• At the local level, the framework should encompass all reconstruction approaches. On the supply side it can be a mixture of temporary housing, repairing damage, large new constructions, building-yard typologies where the affected communities rebuild their own housing as they have always done in Syria. While on the demand side non-construction related issues should also be considered such as loan guarantees, micro finance, housing subsidies, exemptions from building fees, technical knowhow, and formalization of informal areas. The choice of the approach is to be established on a neighborhood by neighborhood basis. It will depend on the degree of destruction and damage, precarity of the housing stock, and affordability of solutions to affected communities. This should be done in direct consultation with the population; those still present as well as those displaced or in asylum abroad.
  • In all its aspects, the framework should respect the Pinheiro principles and ensure HLP rights are secured in the planning and implementation process. However, additional concerns must take into consideration the pressure emanating from gentrification and other motors for economic and social displacement typical of post conflict situations.

Financing post-conflict reconstruction

  • Housing reconstruction, economic recovery and prosperity cannot be implemented without an equitable, effective and integrated economic system managed by the country’s own institutions and with the engagement of all relevant national and local stakeholders. The key challenges in a post-conflict situation are to secure the continuous functioning of the economy, steer financial resources towards the recovery of (local) production capacities, mobilize human resources, streamline institutional and administrative processes, and manage such critical issues in a transparent and fair manner to rectify the negative legacies of the conflict.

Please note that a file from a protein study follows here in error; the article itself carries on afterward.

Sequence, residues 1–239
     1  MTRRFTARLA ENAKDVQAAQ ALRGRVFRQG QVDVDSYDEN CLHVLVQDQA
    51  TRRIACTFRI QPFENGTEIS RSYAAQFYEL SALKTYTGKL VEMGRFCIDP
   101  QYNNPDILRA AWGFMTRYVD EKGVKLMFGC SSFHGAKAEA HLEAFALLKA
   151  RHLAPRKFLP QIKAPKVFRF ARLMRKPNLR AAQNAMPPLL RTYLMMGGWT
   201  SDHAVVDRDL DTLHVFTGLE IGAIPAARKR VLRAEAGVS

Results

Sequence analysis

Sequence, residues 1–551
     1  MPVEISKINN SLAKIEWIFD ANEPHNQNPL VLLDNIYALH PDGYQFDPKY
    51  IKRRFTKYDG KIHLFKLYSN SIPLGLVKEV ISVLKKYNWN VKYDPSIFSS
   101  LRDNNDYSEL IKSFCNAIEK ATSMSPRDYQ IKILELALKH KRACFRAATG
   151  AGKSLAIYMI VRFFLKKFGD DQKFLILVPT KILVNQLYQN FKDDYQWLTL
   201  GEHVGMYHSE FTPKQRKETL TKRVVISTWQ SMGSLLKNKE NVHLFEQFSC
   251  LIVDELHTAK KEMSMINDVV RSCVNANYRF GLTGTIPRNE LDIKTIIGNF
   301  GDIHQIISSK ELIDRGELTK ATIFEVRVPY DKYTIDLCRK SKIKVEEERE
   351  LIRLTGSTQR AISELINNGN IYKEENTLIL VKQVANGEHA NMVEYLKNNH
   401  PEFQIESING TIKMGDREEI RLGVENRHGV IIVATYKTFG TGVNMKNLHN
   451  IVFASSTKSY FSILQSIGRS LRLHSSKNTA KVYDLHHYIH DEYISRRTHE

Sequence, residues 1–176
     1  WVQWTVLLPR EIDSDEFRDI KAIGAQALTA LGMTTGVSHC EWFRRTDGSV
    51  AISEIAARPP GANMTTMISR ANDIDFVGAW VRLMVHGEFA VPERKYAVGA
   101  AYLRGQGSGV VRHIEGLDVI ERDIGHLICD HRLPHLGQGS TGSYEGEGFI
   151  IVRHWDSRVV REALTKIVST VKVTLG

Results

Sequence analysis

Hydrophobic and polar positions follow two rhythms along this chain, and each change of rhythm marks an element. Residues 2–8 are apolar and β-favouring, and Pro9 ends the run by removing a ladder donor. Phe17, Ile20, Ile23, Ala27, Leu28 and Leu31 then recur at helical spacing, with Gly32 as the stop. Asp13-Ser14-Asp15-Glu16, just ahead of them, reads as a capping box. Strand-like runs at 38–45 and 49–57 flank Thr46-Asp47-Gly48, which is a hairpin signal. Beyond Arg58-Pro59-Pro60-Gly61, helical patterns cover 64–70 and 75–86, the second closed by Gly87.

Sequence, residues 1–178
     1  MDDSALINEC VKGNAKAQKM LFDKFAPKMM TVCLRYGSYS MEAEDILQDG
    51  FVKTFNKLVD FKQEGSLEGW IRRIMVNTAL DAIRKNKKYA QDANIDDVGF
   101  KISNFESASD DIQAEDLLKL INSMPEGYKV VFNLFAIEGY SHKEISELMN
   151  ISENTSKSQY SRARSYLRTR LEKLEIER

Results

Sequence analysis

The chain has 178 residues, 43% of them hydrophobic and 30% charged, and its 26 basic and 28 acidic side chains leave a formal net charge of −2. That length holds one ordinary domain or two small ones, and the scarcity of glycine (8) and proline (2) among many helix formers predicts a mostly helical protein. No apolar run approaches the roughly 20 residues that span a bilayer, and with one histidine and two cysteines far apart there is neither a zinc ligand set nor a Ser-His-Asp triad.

• This means proper management and functioning of State regulatory institutions, with the necessary balance between central and local ones.
  • The foreign financial aid for post-conflict recovery should avoid creating an “aid curse” linked to the political agendas of the donors. It should rather drive new governance to set good policies.
  • Such a process will be greatly impeded by sanctions. The war economy often fosters conditions that hamper the return to good governance and consecrate a political economy based on corruption and self-interests of war profiteers. Sanctions create a vicious cycle that empower such actors. Creating a reverse cycle requires critical negotiations to incentivize reforms and direct resources towards reconstruction efforts.